I think this article paints a decent picture of the current environment within the social sciences and related research, and perhaps offers some lessons/advice to CT on how to prepare itself for the intense scrutiny that's sure to come if/when it is released into the hands of others to replicate. The article is full of great observations, but the following quote is helpful to start a discussion, if this forum is interested in doing so:
"Since 2011, a methodological reform movement has been rattling the field, raising the possibility that vast amounts of research, even entire subfields, might be unreliable. Up-and-coming social psychologists, armed with new statistical sophistication, picked up the cause of replications, openly questioning the work their colleagues conducted under a now-outdated set of assumptions. The culture in the field, once cordial and collaborative, became openly combative, as scientists adjusted to new norms of public critique while still struggling to adjust to new standards of evidence."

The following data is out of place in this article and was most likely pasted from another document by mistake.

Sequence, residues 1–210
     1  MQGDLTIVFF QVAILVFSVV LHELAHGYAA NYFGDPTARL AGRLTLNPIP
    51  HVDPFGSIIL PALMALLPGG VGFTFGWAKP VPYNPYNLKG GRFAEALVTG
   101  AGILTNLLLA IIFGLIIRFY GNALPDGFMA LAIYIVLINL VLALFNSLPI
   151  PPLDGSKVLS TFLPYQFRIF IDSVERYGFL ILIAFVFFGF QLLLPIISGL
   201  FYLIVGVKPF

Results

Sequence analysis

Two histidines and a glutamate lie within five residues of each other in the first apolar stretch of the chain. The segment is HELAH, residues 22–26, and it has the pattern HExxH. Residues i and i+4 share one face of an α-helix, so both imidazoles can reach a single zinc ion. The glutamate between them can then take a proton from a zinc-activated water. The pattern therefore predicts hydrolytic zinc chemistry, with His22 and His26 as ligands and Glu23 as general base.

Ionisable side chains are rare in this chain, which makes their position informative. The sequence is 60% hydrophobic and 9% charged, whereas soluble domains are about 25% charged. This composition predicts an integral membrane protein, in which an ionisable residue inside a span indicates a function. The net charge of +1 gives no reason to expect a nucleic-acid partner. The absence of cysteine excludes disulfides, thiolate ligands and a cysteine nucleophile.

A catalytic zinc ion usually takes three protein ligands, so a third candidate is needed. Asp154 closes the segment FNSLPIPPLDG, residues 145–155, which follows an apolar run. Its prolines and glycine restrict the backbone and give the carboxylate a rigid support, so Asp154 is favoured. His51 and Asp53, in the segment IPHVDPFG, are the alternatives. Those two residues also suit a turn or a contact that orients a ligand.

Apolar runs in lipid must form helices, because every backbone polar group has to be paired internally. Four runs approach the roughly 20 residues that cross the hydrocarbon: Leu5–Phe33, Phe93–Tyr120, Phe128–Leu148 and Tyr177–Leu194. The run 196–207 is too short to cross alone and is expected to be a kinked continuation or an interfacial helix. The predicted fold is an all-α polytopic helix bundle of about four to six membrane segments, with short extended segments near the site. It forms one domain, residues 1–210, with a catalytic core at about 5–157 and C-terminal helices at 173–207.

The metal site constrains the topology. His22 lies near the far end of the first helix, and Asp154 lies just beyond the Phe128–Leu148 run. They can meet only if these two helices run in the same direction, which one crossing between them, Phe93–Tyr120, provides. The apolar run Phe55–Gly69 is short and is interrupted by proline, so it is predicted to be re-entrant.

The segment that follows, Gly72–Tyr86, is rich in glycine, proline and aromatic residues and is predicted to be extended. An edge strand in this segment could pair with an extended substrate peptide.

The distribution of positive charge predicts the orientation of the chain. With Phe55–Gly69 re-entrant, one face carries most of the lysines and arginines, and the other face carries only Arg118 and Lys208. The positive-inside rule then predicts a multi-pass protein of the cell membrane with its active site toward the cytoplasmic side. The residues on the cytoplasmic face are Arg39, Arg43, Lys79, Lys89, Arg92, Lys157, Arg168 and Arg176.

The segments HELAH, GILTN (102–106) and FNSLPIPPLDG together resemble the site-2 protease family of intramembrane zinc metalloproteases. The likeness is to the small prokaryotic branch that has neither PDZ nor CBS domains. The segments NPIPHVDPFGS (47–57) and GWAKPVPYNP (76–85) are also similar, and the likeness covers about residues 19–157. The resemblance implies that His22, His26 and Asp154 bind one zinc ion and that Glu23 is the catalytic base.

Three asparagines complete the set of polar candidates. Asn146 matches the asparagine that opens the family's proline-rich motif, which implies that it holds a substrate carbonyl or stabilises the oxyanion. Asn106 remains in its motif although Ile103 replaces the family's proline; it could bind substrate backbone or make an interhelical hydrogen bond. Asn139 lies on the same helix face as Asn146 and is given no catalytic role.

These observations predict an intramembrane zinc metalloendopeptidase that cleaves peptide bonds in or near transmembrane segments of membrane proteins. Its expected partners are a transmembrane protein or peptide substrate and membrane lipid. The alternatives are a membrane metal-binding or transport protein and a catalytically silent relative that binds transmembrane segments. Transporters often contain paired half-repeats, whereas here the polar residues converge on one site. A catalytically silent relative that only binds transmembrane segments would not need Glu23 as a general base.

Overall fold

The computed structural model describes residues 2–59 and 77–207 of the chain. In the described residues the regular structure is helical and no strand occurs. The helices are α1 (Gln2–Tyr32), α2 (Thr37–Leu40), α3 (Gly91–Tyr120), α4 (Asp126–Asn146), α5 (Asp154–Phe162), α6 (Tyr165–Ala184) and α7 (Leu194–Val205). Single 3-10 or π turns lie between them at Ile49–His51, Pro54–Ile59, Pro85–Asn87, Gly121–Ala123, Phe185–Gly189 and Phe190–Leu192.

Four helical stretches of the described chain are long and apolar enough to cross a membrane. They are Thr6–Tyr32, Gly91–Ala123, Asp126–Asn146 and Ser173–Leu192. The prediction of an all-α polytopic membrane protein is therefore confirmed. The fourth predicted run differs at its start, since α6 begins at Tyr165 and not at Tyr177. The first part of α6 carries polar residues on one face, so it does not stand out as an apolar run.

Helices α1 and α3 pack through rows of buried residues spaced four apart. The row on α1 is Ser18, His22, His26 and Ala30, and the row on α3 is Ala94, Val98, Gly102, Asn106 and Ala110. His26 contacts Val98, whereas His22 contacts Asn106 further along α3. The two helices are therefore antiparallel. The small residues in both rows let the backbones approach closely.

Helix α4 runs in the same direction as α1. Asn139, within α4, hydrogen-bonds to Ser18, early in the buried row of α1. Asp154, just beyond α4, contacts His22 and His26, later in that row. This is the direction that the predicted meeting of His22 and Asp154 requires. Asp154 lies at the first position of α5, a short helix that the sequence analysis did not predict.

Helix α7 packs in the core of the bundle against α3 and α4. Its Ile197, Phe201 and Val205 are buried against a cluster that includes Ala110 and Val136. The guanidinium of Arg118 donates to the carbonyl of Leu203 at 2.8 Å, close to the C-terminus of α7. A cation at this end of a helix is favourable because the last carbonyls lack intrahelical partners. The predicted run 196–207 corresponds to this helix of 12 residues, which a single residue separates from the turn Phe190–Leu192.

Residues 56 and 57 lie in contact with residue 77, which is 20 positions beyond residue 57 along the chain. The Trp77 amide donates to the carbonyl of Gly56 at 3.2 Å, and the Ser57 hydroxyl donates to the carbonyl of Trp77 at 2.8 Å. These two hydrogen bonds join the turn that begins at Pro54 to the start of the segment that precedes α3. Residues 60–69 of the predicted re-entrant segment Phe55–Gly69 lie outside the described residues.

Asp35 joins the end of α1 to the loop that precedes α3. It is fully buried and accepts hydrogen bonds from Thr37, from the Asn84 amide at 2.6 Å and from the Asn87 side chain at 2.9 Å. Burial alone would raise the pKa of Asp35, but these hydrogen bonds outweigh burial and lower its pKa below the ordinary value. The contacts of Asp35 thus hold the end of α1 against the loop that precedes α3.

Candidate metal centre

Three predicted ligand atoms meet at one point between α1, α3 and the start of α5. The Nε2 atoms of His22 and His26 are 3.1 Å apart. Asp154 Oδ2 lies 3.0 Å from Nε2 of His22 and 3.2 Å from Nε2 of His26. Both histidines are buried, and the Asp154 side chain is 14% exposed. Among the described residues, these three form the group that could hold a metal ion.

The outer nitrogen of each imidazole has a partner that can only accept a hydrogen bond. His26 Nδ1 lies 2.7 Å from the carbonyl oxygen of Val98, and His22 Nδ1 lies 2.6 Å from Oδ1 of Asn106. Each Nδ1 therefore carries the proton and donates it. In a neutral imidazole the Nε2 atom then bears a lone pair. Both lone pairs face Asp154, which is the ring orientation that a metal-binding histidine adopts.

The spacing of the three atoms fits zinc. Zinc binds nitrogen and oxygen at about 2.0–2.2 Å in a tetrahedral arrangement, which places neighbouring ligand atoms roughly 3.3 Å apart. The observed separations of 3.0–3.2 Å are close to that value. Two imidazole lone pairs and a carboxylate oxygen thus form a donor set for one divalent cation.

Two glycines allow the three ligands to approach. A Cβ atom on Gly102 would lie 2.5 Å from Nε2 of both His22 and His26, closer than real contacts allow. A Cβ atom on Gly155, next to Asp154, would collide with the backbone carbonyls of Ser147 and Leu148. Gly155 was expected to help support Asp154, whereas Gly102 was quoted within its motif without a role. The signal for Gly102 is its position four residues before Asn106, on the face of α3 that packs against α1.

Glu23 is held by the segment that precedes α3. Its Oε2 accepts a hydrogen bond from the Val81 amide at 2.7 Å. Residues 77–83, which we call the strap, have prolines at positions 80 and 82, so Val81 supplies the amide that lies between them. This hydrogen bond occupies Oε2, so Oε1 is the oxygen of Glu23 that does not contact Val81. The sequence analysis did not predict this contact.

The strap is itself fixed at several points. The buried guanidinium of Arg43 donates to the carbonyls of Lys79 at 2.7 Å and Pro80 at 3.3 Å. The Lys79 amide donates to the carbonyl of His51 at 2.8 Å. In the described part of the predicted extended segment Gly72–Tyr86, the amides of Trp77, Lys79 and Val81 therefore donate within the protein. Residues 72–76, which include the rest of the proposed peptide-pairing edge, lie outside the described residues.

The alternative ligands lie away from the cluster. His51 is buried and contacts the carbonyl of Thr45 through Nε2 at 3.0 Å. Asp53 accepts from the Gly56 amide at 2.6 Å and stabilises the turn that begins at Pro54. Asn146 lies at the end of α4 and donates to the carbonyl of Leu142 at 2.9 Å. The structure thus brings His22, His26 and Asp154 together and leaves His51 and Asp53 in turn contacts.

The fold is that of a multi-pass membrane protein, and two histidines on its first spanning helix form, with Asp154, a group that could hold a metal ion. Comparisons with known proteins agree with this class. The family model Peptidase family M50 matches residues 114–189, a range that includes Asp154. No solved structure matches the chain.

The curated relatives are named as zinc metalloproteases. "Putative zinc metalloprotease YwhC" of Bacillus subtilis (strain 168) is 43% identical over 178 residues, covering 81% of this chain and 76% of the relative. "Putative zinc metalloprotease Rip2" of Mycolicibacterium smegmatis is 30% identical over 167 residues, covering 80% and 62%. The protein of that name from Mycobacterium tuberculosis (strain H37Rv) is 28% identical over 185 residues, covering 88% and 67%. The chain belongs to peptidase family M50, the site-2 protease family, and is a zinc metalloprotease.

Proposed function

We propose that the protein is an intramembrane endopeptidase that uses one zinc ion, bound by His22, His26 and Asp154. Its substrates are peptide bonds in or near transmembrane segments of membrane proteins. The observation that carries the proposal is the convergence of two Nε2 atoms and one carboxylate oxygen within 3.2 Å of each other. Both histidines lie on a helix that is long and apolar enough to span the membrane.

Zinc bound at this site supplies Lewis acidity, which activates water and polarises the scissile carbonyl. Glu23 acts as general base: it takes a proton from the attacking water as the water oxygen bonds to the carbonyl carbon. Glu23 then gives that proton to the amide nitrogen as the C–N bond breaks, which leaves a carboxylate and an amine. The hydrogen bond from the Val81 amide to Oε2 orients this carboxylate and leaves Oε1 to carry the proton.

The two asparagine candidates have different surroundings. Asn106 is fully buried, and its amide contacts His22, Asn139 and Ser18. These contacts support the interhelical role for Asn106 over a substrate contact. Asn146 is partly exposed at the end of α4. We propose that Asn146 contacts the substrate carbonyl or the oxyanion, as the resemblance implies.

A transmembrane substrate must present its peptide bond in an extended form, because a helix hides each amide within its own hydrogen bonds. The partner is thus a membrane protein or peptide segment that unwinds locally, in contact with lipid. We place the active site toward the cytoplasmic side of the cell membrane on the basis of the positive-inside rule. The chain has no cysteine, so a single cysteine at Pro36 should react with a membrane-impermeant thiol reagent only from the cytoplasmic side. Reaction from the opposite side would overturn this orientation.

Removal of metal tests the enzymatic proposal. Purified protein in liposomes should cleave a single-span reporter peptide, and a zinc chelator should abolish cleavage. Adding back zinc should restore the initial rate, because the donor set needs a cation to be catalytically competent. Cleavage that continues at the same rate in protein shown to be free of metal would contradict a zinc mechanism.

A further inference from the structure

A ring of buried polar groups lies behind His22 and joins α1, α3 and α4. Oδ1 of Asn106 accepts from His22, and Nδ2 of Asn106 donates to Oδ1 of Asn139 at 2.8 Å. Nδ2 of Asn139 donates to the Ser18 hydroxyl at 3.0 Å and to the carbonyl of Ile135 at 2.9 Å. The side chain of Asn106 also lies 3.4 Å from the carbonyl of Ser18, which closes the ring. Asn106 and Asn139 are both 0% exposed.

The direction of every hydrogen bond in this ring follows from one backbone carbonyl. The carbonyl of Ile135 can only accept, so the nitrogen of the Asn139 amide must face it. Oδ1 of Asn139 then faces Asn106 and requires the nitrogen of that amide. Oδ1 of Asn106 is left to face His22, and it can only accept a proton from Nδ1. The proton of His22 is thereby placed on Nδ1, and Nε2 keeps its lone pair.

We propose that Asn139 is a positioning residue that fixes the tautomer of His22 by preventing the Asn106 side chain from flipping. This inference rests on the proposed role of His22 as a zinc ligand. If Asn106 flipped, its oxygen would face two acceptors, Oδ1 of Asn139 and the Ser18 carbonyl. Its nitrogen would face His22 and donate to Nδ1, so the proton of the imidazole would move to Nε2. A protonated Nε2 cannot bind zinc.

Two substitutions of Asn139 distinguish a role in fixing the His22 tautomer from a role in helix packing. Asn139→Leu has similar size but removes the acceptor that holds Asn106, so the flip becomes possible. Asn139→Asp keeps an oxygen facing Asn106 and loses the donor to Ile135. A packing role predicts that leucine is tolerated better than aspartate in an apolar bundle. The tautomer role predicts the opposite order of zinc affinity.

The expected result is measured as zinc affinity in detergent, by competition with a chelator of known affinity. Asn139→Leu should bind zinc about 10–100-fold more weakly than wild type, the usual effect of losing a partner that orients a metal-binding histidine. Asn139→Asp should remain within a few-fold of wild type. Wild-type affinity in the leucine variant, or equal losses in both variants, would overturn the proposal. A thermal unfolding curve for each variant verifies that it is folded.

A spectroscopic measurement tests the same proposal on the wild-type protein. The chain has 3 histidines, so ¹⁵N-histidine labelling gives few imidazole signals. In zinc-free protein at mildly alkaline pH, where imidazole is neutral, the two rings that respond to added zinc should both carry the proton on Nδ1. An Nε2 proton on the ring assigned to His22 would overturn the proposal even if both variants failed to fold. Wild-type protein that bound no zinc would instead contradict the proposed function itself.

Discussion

“The world as we have created it is a process of our thinking. It cannot be changed without changing our thinking.” – Albert Einstein
Oh man, it's unfortunate that they picked her as the postergirl for this restructuring.
It's very sensational, and people (the public's awareness/consciousness) reacts most strongly to figureheads and their lives are used as narratives/dramas to tell us how to live. A quiet background restructuring of methodology doesn't emotionally hit as hard as saying to upcoming researchers "You don't wanna end up like Amy Cuddy do you? There are new standards of practice now"
It seems they're talking about P-hacking, right? I was first introduced to that by Derek Muller here: